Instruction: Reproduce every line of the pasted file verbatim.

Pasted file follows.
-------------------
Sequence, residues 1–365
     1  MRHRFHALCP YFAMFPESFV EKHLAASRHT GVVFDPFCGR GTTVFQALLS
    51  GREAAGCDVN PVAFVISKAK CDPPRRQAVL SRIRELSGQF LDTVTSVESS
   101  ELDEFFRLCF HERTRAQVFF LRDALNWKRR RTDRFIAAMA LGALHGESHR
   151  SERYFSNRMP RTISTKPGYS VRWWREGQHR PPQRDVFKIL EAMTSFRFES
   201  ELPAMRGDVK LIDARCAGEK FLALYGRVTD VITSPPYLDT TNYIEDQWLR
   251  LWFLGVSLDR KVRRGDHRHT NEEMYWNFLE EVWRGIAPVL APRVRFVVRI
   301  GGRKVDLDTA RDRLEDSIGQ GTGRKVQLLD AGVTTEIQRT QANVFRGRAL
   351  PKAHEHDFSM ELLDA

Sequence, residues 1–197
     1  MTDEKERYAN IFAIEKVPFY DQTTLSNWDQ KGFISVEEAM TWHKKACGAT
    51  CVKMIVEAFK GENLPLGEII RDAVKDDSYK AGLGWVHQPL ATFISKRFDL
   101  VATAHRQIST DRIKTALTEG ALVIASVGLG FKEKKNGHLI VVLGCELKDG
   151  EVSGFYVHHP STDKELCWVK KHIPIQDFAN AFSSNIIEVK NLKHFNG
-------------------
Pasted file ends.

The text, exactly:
Sequence, residues 1–365
     1  MRHRFHALCP YFAMFPESFV EKHLAASRHT GVVFDPFCGR GTTVFQALLS
    51  GREAAGCDVN PVAFVISKAK CDPPRRQAVL SRIRELSGQF LDTVTSVESS
   101  ELDEFFRLCF HERTRAQVFF LRDALNWKRR RTDRFIAAMA LGALHGESHR
   151  SERYFSNRMP RTISTKPGYS VRWWREGQHR PPQRDVFKIL EAMTSFRFES
   201  ELPAMRGDVK LIDARCAGEK FLALYGRVTD VITSPPYLDT TNYIEDQWLR
   251  LWFLGVSLDR KVRRGDHRHT NEEMYWNFLE EVWRGIAPVL APRVRFVVRI
   301  GGRKVDLDTA RDRLEDSIGQ GTGRKVQLLD AGVTTEIQRT QANVFRGRAL
   351  PKAHEHDFSM ELLDA

Sequence, residues 1–197
     1  MTDEKERYAN IFAIEKVPFY DQTTLSNWDQ KGFISVEEAM TWHKKACGAT
    51  CVKMIVEAFK GENLPLGEII RDAVKDDSYK AGLGWVHQPL ATFISKRFDL
   101  VATAHRQIST DRIKTALTEG ALVIASVGLG FKEKKNGHLI VVLGCELKDG
   151  EVSGFYVHHP STDKELCWVK KHIPIQDFAN AFSSNIIEVK NLKHFNG